Even in the United States, however, differences emerge when comparing access to prenatal care by race. One study estimated that while 90 percent of white women in the United States received adequate prenatal care, the same was true for only 79 percent of black women and 75 percent of Hispanic women.13 This suggests that many pregnant women from America’s most vulnerable populations still do not receive the prenatal services known to give babies a better chance for a healthy life.
In the same vein, although white Americans had only 6.34 low birth weight babies (less than 5.5 pounds) per thousand in 1996, black Americans had 13.01 per thousand, and American Indians and Alaskan Natives were three times as likely as white Americans to give birth to babies of very low birth weight (less than 3.3 pounds).14 Although prenatal adversities are unlikely to account for a large portion of those affected by schizophrenia, improving access to good prenatal and obstetrical care for all pregnant women could well prevent a few new cases every year.
Vitamin D deﬁciency during pregnancy may also affect fetal growth adversely. We may soon be able to identify the absence of a specific micronutrient as a risk factor for schizophrenia, much in the way folic acid deficiency was identified as a major cause of neural tube defects. Once identified, a missing nutrient could be provided where calories could not, particularly in parts of the world where starvation remains a real threat.
Although Rh isoimmunization probably never accounted for a large number of cases of schizophrenia, the widespread use of Rh-immune globulin since the mid1960s has certainly helped reduce the incidence of this debilitating mental disease. Improving the quality of prenatal care worldwide could have similar effects, in addition to greatly increasing every child’s chances for mental and physical health throughout life.
One such prenatal intervention for the future might be vaccination for inﬂuenza. There have been slight increases in the rate of inﬂuenza over the last three years, 15 and one U.S. study found that of every 10,000 women in their third trimester of pregnancy, 25 will be hospitalized with signiﬁcant health problems due to inﬂuenza.16 Women of childbearing age could be informed about the potential danger inﬂuenza poses to a developing fetus and given greater access to annual inﬂuenza vaccinations.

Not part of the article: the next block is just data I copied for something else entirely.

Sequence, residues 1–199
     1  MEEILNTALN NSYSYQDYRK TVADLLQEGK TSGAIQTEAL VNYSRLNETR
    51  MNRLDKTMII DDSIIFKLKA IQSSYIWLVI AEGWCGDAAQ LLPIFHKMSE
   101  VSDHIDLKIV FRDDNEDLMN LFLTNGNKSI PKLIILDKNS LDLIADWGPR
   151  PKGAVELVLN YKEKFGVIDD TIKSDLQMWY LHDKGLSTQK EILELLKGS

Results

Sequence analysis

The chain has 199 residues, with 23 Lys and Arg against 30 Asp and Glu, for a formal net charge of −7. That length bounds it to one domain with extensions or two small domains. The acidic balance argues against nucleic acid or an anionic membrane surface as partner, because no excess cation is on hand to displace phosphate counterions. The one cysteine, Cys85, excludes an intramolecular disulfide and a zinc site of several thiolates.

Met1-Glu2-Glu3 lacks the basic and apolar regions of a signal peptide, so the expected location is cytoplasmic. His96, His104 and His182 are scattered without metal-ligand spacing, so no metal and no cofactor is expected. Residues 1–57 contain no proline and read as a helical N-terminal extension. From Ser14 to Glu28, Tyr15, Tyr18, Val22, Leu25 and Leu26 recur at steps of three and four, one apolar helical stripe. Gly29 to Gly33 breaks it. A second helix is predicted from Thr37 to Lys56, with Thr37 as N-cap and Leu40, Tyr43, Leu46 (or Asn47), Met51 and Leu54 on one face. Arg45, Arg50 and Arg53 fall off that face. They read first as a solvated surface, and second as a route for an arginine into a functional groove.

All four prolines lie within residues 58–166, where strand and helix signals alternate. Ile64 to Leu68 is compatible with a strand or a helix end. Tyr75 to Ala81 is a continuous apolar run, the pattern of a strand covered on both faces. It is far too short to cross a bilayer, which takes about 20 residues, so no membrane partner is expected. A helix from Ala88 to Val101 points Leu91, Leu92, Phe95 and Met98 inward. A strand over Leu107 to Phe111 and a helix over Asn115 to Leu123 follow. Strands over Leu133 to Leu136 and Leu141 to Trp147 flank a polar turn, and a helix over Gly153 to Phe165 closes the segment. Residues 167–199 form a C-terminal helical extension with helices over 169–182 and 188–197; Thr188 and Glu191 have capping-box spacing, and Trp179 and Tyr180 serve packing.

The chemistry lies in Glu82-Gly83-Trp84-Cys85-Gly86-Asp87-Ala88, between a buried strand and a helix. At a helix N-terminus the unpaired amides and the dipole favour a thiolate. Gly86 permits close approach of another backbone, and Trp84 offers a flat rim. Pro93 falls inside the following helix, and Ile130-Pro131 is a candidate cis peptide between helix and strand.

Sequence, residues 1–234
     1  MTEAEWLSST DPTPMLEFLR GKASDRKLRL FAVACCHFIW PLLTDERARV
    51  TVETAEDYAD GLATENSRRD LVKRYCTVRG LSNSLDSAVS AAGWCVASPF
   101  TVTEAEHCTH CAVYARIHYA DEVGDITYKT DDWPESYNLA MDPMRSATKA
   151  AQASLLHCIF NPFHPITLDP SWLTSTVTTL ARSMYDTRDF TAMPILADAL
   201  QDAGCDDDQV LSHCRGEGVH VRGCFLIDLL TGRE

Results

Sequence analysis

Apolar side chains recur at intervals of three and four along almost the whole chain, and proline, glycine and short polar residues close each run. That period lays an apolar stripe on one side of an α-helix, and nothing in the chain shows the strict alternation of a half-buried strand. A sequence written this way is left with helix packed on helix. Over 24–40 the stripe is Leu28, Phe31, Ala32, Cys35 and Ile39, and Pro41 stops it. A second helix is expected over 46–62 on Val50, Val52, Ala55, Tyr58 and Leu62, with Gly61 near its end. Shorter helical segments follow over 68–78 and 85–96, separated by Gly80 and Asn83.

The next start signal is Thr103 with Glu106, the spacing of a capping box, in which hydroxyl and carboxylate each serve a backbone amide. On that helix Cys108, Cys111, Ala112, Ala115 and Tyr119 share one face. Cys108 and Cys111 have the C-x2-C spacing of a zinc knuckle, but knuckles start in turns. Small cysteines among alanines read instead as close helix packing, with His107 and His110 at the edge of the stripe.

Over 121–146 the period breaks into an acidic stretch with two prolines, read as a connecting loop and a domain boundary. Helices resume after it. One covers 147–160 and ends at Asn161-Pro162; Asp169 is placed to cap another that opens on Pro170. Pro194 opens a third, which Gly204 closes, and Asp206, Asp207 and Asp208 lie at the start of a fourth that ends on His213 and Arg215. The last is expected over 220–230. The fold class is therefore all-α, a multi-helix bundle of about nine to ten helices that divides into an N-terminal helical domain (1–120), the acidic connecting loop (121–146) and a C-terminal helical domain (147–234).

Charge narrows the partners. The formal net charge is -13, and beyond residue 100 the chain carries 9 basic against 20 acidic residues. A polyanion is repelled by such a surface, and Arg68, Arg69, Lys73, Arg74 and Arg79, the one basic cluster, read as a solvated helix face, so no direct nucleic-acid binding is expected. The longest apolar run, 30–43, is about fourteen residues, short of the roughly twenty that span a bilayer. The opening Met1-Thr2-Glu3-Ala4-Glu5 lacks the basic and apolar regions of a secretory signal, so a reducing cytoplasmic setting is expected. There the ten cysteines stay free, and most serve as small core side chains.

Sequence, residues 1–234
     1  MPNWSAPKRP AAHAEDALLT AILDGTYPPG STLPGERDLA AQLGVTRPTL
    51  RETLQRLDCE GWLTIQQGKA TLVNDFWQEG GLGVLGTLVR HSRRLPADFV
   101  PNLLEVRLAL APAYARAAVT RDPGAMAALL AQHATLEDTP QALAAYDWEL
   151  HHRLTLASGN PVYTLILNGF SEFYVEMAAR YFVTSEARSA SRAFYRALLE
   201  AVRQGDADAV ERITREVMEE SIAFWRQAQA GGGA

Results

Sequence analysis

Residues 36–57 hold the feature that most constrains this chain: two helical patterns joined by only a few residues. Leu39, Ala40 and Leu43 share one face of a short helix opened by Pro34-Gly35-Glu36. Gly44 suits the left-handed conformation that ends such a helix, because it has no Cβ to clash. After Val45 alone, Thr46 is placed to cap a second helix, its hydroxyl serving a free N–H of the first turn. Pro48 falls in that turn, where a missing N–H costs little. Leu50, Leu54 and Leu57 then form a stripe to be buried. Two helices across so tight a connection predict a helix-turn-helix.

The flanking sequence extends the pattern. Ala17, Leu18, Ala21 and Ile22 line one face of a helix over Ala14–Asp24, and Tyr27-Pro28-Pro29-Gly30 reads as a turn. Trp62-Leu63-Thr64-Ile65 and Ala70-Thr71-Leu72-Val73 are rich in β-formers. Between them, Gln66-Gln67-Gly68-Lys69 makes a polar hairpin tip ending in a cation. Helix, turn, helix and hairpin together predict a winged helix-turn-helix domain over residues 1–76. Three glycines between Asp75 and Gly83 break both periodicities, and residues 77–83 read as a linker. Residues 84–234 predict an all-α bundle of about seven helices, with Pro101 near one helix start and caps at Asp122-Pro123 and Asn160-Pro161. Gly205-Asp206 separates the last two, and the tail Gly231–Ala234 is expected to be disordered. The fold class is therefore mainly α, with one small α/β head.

When will the accumulating clues about the nature and causes of schizophrenia stop deepening our bafflement and start lessening it? No one knows but that does not lessen the importance of the search. For decades we have progressed toward more effective, less toxic treatments of schizophrenia, improving the lives of hundreds of thousands of patients. Each time clinical, genetic, or epidemiological investigation fills in a new piece of the puzzle that is schizophrenia, we open a new door that may lead to better treatment or prevention. In 2002 there is reason to hope that worldwide improvements in access to health care, prenatal services, and nutrition will spare some people from ever developing schizophrenia and offer a better quality of life to those who do.
- Falloon, IR. “Early intervention for first episodes of schizophrenia.” Psychiatry 1992 Feb; 55(1): 4-15.
- Feighner, JP, Robins, E, Guze, SB, et al. 1972. Diagnostic criteria for use in psychiatric research. Archives of General Psychiatry. 26: 57-63.
- Gottesman, II. Schizophrenia Genesis: The Origins of Madness. New York, W.H. Freeman and Company, 1991.
- Brown AS, Susser ES, Lin SP, Neugebauer R, Gorman JM. Increased risk of affective disorders in males after second trimester prenatal exposure to the Dutch hunger winter of 1944-45. Br J Psychiatry 1995 May; 166(5): 601-6.
- Hollister, JM, Laing, P, Mednick, SA. 1996. Rhesus incompatibility as a risk factor for schizophrenia. Archives of General Psychiatry 53: 19-24.
- Faris, REL, Dunham, HW. Mental Disorders in Urban Areas. Chicago, University of Chicago Press, 1939.
- Robins, LN, Regier, DA. Psychiatric Disorders in America: The Epidemiologic Catchment Area Study. New York, The Free Press, 1991.
- Makikyro, T, Isohanni, M, Moring, J, Oja, H, Hakko, H, Jones, P, Rantakallio, P. 1997. Is a child’s risk of early onset schizophrenia increased in the highest social class? Schizophrenia Research 23: 245-252.
- Dohrenwend, BP, Levav, I, Shrout, PE, Schwartz, S, Naveh, G, Link, BG, Skodol, AE, Stueve, A. Socioeconomic status and psychiatric disorders: the causation-selection issue. Science 1992; 255: 946-952.
- Lewis, G, David, A, Andreasson, S, Allebeck, P. Schizophrenia and city life. Lancet 1992; 340: 137-140.
- Torrey, EF, Bowler, AE, Clark, K. Urban birth and residence as risk factors for psychoses: An Analysis of 1880 Data. Schizophrenia Research 1997; 25: 169-176.
- Martin, JA, Hamilton BE, and Ventura SJ. Births: Preliminary data for 2000. National Vital Statistics Reports 2001:49, 1-20. 13
- Frisbie, WP, Echevaria S, Hummer, RA. Prenatal care utilization among non-Hispanic Whites, African Americans, and Mexican Americans. Maternal Child Health Journal 2001; 5; 2-33. 14
- Ventura, SJ, Martin, JA, Curtin, SC, Mathews, TJ. Report of final natality statistics, 1996. National Vital Statistics Reports 1998, 46, tables 6 and 11. 15
- Morbidity and Mortality Weekly 2000; 49 (9): 173-177. Morbidity and Mortality Weekly 1999; 48 (9): 177-181. 16
- Neuzil, KM, Reed, GW, Mitchel, EF, Simonsen, L, Griffin, MR. Impact of influenza on acute cardiopulmonary hospitalizations in pregnant women. American Journal of Epidemiology 1998; 148: 1094-1102.